An Indiana church that once stood up to the Ku Klux Klan after a 1930 lynching is in danger of being destroyed by the passage of time.
Shaffer African Methodist Episcopal Church of Muncie, a historically black congregation founded circa 1893, has several structural problems to its historic building.
Ivy Farguheson, reporter with The Star Press, wrote of the situation Monday as a local group, Whitely Community Council, seeks to raise funds for the church's repairs. more >>
The congregation of Colonial Hills Baptist Church in Indiana mourned Sunday the death of three of their members – the youth pastor, his pregnant wife and a chaperone who was a mother of five – in a bus crash that happened just a mile from the church.
Youth pastor Chad Phelps, his pregnant wife, Courtney Phelps, and 51-year-old chaperone Tonya Weindorf were killed on Saturday morning as the bus carrying 37 people, all from the Indianapolis church, crashed into a raised concrete median and overturned near Interstate 465, deacon Jeff Leffew told The Associated Press.
Dozens of people were injured, and six teenagers were still admitted to hospitals on Sunday. One of the injured was said to be in critical condition. more >>
A federal judge has heard oral arguments for and against the decision of the city of Evansville in Southwestern Indiana to allow local churches to display crosses on public land along the Ohio River, and is expected to issue a ruling before Aug. 4. American Civil Liberties Union argued the crosses would violate the Constitution.
U.S. District Judge Sarah Evans Barker heard arguments over the right of churches to erect 30 crosses decorated by Bible school children on public land along the Ohio River Aug. 4-18.
After two hours of oral arguments, Barker said a ruling can be expected before the two-week display is scheduled to begin on Aug. 4, according to Indystar.com. more >>
The Alliance Defending Freedom has filed a motion to intervene on behalf of a group of Indiana churches being sued by the American Civil Liberties Union for a proposed display of crosses on public property.
Filed last week in the U.S. District Court for the Southern District of Indiana, the motion was filed for 10 churches located in the Evansville area.
Bryan Beauman, an ADF allied attorney involved in the case, told The Christian Post that with the paperwork filed a hearing for the ACLU lawsuit has been scheduled for Thursday. more >>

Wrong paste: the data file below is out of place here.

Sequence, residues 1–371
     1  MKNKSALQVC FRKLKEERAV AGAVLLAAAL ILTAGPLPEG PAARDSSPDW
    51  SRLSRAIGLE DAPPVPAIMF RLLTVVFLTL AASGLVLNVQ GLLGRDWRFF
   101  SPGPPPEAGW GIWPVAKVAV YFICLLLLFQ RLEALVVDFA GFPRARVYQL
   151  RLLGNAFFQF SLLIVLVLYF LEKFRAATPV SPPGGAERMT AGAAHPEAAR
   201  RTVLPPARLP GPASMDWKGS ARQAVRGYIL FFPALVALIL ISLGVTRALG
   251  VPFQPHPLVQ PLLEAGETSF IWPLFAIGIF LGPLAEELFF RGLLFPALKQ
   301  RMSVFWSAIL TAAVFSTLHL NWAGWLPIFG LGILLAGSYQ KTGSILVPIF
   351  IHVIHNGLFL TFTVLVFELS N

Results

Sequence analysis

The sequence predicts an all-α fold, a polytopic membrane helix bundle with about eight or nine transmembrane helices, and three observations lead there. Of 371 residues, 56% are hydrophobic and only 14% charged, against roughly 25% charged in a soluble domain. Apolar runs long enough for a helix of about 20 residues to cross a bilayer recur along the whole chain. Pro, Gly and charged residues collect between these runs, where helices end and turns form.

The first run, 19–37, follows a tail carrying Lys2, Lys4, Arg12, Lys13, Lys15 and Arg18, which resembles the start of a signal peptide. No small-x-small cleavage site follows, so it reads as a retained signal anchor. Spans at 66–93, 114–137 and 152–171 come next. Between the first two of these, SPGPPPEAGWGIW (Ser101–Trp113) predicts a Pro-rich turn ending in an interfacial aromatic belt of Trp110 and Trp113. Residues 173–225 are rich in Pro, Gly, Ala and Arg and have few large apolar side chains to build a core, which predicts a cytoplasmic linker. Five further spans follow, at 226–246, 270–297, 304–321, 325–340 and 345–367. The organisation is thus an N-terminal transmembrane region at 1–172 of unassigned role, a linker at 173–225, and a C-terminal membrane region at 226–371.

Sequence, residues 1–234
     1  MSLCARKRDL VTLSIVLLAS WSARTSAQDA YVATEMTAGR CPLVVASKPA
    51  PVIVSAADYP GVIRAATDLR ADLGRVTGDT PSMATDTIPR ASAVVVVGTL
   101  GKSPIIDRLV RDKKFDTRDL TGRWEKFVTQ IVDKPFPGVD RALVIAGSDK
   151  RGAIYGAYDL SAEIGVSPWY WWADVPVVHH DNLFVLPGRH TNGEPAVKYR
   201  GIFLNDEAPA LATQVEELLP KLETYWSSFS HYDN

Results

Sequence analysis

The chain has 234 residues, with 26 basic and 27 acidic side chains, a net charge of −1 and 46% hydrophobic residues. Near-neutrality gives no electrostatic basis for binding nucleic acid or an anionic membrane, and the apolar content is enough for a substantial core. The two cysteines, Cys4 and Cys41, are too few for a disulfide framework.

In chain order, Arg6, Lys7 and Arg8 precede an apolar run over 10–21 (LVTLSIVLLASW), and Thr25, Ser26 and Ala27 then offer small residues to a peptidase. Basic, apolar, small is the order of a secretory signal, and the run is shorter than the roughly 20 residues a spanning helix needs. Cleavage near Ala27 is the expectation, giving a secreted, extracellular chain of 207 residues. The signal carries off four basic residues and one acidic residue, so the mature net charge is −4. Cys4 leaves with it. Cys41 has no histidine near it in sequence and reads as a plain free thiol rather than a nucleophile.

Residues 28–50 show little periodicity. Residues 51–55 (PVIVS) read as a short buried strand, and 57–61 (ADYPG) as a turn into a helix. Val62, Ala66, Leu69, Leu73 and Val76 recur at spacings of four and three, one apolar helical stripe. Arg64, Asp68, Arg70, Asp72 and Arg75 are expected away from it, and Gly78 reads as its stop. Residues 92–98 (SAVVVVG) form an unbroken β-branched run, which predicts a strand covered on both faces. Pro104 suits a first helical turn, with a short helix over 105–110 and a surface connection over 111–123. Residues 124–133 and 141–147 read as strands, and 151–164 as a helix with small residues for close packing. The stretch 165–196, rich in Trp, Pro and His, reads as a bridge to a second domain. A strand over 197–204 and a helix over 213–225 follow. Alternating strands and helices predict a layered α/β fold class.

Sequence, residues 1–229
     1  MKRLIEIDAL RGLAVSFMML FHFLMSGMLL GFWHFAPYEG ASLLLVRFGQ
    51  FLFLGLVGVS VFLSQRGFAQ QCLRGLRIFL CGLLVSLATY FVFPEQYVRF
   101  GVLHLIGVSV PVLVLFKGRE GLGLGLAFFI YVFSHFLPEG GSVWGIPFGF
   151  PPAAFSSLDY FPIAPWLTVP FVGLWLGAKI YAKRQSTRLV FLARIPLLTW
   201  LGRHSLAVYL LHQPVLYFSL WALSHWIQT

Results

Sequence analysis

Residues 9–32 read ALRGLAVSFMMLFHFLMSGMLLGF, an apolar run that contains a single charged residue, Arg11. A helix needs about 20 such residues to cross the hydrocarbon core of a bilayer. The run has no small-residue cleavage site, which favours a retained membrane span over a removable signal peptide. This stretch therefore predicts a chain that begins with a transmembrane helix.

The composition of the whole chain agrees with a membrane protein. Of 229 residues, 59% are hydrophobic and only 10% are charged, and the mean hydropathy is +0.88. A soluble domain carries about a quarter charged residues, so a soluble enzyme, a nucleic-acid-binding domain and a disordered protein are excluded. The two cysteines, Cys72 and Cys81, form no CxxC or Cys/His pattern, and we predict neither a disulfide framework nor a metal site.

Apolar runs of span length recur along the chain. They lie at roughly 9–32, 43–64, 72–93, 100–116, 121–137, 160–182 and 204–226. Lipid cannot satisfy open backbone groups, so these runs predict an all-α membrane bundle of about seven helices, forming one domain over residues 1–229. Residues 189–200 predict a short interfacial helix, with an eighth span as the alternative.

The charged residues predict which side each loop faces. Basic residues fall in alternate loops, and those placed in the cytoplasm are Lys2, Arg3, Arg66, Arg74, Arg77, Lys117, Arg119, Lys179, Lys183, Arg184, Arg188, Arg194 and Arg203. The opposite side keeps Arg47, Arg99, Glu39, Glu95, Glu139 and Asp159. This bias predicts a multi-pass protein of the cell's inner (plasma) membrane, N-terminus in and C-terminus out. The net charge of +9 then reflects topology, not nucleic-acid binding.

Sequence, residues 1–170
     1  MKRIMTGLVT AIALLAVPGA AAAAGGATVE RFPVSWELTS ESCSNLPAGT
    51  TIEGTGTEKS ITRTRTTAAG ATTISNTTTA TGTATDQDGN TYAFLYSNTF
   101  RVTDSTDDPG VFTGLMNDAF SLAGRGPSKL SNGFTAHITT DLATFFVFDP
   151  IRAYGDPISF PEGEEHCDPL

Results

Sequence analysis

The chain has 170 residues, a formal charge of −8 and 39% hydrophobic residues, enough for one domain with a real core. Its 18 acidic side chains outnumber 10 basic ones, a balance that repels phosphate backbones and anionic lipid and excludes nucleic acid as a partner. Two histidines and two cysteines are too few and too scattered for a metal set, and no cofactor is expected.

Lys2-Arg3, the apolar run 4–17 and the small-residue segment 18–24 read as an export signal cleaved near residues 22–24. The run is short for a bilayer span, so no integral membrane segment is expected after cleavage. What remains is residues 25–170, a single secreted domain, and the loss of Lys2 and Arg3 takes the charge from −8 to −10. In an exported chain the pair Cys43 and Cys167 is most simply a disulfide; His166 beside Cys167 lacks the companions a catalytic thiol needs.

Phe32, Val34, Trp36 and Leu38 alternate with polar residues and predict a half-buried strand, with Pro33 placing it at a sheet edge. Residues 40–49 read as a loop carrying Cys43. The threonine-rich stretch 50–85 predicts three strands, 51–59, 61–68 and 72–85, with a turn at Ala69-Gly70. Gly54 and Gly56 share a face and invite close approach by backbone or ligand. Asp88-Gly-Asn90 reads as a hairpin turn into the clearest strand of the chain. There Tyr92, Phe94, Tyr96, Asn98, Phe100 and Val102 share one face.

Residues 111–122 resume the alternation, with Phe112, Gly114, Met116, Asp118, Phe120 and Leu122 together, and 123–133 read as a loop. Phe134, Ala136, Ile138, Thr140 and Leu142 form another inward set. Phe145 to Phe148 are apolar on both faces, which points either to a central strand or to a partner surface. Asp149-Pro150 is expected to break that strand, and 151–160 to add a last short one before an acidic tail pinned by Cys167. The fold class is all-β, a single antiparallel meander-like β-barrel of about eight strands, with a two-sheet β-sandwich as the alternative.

A misinterpretation of Indiana's state laws regarding perjury on marriage certificates has led some, especially gay marriage advocates, to inaccurately accuse the Midwestern state of recently passing legislation that criminalizes same-sex marriage.
The blogosphere erupted recently when a local newspaper reported on two little-known 1997 state laws, known as Section 1 and Section 7 of Indiana Code 31-11-11.
Section 1 declares it a Class D Felony to knowingly submit fraudulent information on a marriage license application, and because the application only provides an option for a male or female applicant, a same-sex couple applying could technically be seen as knowingly providing false information. more >>
Several businesses in Evansville, Ind., have offered to display decorated crosses on their properties after the ACLU of Indiana filed a lawsuit against the city to keep the symbols from being displayed on public land.
Last month the Evansville Board of Public Works approved a request by West Side Christian Church (WSCC) to set up as many as 31 crosses in a downtown area called the Riverfront. The six-foot tall crosses, which are to be displayed for two weeks in August, will be sponsored and decorated by local churches and faith-based organizations of various denominations. The symbols will make up an artistic display called "Cross the River" and are part of an effort to raise funds for two local charities, according to the church's website.
After the city granted the church's request, the ACLU of Indiana filed a lawsuit on behalf of two Vanderburgh County residents that claims displaying the crosses on city property would be an unconstitutional government endorsement of Christianity. In response, several local business owners used their company signs to send a message: "Put the cross here." more >>